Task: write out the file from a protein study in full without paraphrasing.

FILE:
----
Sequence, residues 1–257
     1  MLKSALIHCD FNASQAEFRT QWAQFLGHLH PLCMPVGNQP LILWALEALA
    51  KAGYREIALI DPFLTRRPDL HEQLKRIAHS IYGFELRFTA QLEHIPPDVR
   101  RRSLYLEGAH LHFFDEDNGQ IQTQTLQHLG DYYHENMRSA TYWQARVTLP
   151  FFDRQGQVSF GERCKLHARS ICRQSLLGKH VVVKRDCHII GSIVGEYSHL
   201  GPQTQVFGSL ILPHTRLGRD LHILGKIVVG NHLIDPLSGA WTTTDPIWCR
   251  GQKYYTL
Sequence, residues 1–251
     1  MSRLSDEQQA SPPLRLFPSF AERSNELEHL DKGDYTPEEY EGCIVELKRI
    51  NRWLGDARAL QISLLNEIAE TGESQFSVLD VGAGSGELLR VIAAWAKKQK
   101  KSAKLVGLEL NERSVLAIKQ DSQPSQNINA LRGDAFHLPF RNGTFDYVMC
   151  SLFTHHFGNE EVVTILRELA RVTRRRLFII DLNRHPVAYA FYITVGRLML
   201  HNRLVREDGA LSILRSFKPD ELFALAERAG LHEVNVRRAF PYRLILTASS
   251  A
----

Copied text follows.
Sequence, residues 1–257
     1  MLKSALIHCD FNASQAEFRT QWAQFLGHLH PLCMPVGNQP LILWALEALA
    51  KAGYREIALI DPFLTRRPDL HEQLKRIAHS IYGFELRFTA QLEHIPPDVR
   101  RRSLYLEGAH LHFFDEDNGQ IQTQTLQHLG DYYHENMRSA TYWQARVTLP
   151  FFDRQGQVSF GERCKLHARS ICRQSLLGKH VVVKRDCHII GSIVGEYSHL
   201  GPQTQVFGSL ILPHTRLGRD LHILGKIVVG NHLIDPLSGA WTTTDPIWCR
   251  GQKYYTL
Sequence, residues 1–251
     1  MSRLSDEQQA SPPLRLFPSF AERSNELEHL DKGDYTPEEY EGCIVELKRI
    51  NRWLGDARAL QISLLNEIAE TGESQFSVLD VGAGSGELLR VIAAWAKKQK
   101  KSAKLVGLEL NERSVLAIKQ DSQPSQNINA LRGDAFHLPF RNGTFDYVMC
   151  SLFTHHFGNE EVVTILRELA RVTRRRLFII DLNRHPVAYA FYITVGRLML
   201  HNRLVREDGA LSILRSFKPD ELFALAERAG LHEVNVRRAF PYRLILTASS
   251  A